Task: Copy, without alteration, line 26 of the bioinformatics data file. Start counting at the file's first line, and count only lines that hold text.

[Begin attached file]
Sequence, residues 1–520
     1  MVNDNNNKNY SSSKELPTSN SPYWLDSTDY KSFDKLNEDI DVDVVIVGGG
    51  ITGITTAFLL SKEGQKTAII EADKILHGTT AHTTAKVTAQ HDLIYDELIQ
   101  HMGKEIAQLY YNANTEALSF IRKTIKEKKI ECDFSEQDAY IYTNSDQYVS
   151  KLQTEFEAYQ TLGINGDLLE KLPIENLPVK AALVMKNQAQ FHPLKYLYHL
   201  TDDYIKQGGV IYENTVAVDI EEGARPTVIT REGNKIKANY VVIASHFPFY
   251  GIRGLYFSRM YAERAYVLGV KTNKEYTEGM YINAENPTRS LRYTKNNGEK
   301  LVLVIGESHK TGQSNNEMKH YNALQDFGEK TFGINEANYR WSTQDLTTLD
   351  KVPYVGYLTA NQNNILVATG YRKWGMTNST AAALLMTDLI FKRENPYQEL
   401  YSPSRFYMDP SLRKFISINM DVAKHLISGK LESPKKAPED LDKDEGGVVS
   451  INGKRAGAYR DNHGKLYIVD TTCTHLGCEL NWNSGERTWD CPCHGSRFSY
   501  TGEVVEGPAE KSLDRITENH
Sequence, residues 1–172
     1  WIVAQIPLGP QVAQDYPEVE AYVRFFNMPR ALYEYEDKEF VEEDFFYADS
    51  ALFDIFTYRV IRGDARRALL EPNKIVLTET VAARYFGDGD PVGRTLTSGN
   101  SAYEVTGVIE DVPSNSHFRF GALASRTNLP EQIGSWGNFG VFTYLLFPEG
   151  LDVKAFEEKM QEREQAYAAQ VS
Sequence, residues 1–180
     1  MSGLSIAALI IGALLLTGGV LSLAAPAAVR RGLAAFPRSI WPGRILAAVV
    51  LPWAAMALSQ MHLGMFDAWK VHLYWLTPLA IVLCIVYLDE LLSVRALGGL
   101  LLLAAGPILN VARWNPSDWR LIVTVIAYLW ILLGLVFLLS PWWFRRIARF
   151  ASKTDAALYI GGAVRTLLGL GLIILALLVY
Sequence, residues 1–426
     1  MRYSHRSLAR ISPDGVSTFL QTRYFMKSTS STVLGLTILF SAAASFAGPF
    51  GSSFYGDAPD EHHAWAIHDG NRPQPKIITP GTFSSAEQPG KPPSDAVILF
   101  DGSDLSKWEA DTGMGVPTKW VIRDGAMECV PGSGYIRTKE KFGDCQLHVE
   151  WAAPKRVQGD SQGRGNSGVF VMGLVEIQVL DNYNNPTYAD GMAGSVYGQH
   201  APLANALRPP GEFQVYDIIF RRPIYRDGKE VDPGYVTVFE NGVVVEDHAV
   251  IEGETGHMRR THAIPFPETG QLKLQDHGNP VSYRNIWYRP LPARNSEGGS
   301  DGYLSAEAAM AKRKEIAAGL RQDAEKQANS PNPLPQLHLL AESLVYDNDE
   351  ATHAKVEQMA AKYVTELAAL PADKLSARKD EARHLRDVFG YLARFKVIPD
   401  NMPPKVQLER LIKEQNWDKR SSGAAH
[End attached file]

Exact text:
   101  DGSDLSKWEA DTGMGVPTKW VIRDGAMECV PGSGYIRTKE KFGDCQLHVE